Unlike Porete and Weil, I had no god to melt into. I remembered what it felt like to be wildly animated by my desire but to re-experience that seemed impossible. I did not even want enough to want to want again. It was like being stranded on an empty shore and watching everything I cared about on the deck of a departing boat as it receded to invisibility against the skyline—and feeling nothing. No, even better: imagine the shore is without waves, without lapping water. No ocean sound, no wind. Imagine it is a shore as still and empty as one frozen in a snow globe.

I worried hysteria and insensibility would be assumed by anyone I confided in, like I needed to be restrained or soothed or dissuaded or worse, that I wanted to be. I didn’t want anything, that was the whole point. I hated the idea of someone trying to convince me not to do it—the inherent, unavoidable condescension in that. It was a response too insulting to risk. I might have lost my verve but I wasn’t suddenly incompetent. If I decided I should be dead, I would be.

When I was a young adolescent reading soapy teen books, I delighted in the rhetorical power of suicide, suicide as punishment, as demonstration: this is how much you hurt me. What a remarkable weapon to have in one’s arsenal, the relational equivalent of a nuclear bomb. Those scenarios are all about what Jenny Zhang calls “reap[ing] the joys of being mourned.” But there was no reaction I hoped to provoke, no attention or apology for which I angled. This contemplation wasn’t about other people. It was a possible solution—practical, efficient—to a problem contained inside me. (“Impossible to conceive a female life that might extend outside itself... ”)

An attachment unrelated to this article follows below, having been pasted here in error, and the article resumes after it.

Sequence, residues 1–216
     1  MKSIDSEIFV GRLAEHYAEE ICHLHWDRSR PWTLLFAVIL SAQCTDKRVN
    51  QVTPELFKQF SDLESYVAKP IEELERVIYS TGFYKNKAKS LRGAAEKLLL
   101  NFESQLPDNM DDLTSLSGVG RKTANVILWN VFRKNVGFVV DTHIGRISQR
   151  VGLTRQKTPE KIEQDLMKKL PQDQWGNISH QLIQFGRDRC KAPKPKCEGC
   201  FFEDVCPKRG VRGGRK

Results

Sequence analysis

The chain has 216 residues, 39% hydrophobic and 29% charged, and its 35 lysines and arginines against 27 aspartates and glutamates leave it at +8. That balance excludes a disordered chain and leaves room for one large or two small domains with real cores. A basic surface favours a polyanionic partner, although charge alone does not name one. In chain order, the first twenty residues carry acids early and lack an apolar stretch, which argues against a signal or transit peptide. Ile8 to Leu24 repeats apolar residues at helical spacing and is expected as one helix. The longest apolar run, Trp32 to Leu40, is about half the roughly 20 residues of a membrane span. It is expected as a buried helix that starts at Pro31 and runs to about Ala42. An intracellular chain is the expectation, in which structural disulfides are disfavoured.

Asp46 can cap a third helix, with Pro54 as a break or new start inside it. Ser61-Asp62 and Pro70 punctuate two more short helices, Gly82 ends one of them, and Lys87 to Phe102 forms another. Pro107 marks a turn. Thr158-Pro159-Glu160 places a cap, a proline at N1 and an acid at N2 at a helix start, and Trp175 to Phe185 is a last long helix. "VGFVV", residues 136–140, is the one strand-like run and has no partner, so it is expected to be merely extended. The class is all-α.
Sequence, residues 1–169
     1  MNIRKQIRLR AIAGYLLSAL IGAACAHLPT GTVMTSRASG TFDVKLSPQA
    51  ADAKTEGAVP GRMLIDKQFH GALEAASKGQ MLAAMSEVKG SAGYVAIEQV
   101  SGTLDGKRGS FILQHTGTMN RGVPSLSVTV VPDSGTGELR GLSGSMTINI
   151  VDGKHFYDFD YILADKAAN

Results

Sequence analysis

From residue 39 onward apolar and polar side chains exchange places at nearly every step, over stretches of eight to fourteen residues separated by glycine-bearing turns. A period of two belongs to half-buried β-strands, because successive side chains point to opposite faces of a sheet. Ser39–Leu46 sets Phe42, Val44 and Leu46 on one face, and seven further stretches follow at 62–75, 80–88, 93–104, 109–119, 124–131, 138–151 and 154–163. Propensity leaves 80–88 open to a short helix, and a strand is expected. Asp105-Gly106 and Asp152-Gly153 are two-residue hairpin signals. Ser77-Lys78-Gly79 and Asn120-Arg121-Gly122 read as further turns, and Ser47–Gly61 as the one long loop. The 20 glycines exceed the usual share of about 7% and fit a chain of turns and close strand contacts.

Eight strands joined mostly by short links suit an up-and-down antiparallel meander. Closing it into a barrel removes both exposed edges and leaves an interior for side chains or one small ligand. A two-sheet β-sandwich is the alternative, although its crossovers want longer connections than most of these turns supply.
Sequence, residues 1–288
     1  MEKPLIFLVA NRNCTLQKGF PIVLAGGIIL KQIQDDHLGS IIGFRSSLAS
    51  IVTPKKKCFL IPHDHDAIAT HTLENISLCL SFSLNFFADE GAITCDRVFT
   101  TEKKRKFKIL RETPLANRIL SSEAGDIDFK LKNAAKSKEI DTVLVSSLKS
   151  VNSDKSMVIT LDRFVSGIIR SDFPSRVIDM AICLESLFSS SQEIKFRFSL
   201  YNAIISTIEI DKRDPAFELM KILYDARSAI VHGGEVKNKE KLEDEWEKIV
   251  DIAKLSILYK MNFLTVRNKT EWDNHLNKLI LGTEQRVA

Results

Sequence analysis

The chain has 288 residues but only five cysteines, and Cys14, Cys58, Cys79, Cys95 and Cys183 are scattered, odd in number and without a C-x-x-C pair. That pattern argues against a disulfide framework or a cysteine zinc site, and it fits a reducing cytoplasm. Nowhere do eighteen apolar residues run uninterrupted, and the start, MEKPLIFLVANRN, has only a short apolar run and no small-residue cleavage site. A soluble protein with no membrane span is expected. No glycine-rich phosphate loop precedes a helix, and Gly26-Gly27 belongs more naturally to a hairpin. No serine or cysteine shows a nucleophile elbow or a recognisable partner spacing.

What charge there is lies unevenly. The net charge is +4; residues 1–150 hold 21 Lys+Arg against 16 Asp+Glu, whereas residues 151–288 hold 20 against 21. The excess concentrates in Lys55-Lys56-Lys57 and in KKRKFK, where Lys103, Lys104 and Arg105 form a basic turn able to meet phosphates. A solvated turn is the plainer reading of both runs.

I understood why a sort of maternal distress was the most likely reaction, though. What options do you give your friends or loved ones when you tell them, I think about being gone, on purpose; I think about it a lot? They’d take it to be evidence of an emotional extreme and yes, sometimes I was emotional. Once I ran thirty minutes late to meet a friend during her lunch break and then broke into tears the moment I arrived. But mostly I felt empty, the equivalent of the artfully bundled cloth stage actors must pretend is a baby. I couldn’t watch people I care about try to calm the empty fabric.

The self requires desire, and I had none. I still functioned but I couldn’t find a reason to function anymore.

So I didn’t talk about it.